English Language A Level at William Howard School
What do I need to start the course?
An interest in language. You need to be the kind of person who is fascinated by how language affects the way we think, and how the way we think affects language. You need to be prepared to learn a wealth of new terminology, and become conversant enough with it to be able to use it to analyse texts.
This course will appeal to students who:
- enjoy analysing, expressing their opinions and justifying their comments on texts.
- enjoy studying a subject which is relevant to their own lives
- want to keep their options open as it is a popular. qualification for a wide variety of courses and future careers.
Learners will develop a broad knowledge and understanding of the language levels, including:
- Phonetics, phonology and prosodics: how speech sounds and effects are articulated and analysed
- Lexis and semantics: the vocabulary of English, including social and historical variation
- Grammar including morphology: the structural patterns and shapes of English at sentence, clause, phrase and word level
- Pragmatics: the contextual aspects of language use
- Discourse: extended stretches of communication occurring in different genres, modes and contexts
Paper 1: Exploring Language
Written paper 80 marks - 40% of total A Level (2 hour 30 minutes)
Section A: Language under the microscope
The focus of this section is on the effect of lexical choices and grammatical features in a short written text.
Section B: Writing about a topical language issue
This section focuses on an issue or concept related to language in use to be written for a non-specialist audience.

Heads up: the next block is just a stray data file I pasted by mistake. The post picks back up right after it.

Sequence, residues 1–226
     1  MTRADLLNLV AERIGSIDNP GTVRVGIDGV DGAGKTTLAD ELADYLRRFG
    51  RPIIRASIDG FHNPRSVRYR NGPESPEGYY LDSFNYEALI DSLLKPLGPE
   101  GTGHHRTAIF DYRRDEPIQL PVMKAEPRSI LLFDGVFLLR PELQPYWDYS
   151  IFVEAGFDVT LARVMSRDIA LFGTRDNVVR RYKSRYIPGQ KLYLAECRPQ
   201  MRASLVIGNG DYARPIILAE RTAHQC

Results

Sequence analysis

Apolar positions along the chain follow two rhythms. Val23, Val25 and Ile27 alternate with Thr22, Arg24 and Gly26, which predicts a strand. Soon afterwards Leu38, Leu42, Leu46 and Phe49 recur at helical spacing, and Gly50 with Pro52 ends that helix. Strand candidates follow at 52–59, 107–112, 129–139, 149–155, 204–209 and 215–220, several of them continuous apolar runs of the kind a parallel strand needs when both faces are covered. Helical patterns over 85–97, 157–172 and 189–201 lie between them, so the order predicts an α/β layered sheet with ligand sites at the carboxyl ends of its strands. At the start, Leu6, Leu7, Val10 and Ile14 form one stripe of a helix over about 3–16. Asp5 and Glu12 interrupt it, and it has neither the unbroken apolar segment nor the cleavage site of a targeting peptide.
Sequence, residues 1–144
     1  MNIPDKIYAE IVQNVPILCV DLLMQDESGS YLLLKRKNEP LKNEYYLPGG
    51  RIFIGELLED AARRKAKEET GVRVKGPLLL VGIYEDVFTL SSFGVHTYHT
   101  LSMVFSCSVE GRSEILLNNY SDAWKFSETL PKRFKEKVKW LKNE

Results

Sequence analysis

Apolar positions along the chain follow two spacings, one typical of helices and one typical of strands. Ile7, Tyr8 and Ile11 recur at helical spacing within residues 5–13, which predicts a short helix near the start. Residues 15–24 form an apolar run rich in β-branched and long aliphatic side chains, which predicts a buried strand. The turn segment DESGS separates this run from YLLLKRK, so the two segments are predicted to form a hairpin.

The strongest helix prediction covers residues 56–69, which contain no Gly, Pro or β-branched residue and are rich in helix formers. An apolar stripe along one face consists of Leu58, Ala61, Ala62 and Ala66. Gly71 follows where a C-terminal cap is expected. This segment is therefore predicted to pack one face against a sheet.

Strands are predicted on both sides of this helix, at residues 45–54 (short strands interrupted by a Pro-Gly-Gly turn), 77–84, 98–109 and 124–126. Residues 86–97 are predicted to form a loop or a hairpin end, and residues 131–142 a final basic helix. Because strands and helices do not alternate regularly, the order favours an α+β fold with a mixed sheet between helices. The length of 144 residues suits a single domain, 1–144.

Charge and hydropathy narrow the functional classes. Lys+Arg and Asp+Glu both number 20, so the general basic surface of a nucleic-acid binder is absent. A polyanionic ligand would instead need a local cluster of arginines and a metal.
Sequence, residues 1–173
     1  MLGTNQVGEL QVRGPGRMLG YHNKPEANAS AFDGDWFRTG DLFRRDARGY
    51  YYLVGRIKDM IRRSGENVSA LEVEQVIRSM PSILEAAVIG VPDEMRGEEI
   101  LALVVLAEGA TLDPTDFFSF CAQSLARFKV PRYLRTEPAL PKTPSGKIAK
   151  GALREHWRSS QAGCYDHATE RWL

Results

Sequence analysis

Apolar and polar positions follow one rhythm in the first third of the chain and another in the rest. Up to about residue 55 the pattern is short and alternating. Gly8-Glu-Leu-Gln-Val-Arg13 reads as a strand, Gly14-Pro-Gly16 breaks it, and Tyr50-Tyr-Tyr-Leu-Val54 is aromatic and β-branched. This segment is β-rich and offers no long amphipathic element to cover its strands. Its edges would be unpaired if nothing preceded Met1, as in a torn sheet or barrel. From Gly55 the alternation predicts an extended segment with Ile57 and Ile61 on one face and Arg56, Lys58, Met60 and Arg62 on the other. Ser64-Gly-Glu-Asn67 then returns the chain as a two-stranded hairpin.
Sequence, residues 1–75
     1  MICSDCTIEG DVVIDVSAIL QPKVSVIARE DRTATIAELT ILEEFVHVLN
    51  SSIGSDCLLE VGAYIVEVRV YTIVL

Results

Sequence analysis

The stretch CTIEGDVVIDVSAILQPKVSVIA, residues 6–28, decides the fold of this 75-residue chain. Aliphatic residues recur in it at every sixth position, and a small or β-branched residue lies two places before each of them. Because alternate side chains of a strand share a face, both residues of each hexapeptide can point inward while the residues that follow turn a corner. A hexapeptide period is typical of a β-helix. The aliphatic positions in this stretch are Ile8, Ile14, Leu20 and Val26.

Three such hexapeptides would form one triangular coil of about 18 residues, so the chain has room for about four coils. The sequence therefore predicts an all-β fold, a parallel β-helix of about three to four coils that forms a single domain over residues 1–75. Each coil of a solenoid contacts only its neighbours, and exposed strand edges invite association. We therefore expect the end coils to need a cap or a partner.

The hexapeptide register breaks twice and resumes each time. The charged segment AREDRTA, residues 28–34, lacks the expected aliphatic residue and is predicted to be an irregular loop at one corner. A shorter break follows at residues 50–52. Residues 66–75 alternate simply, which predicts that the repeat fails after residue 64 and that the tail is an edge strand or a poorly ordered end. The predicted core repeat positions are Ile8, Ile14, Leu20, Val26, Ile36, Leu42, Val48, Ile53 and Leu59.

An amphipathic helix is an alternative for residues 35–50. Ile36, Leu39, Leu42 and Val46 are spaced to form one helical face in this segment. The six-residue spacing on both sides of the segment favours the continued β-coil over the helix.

Section C: Comparing and contrasting texts
The focus of this section is on exploring linguistic connections and comparisons between different modes of communication using theories of gender, power and technology
Paper 2: Exploring Contexts
Dimensions of linguistic variation
Written paper 80 marks - 40% of total A level (2 hours 30 minutes)
Section A: Child language acquisition
The focus of this section is on children’s acquisition of spoken language. The age range to be explored is 0–7 years old.
Section B: Language in the media
This section focuses on discourse in a multi-modal media text and requires learners to apply language concepts and theories to their analysis of linguistic and graphological features.
Section C: Language change
The focus of this section is on the analysis of historical varieties of English. The analysis will be based on drawing connections and comparisons between two texts from different times
Non examined assessment 40 marks independent language research - 20% of total A level
An independent investigation of language, provides learners with the opportunity to pursue an area of study which is of particular personal interest.
The academic poster, allows learners to present their research from their independent investigation in a concise and visually accessible way.
You will learn a wide range of transferable skills: writing for different audiences and purposes; responding to spoken and written texts; expressing informed and independent opinions; identifying and developing the links between different parts of the subject.
These skills are in demand from employers, universities and colleges and are also valuable in their own right. English Language forms a good basis for study with any other subject. Journalism, the Media, Law, Teaching and Management are some of the areas former students have pursued.
How to apply
If you want to apply for this course, you will need to contact William Howard School directly.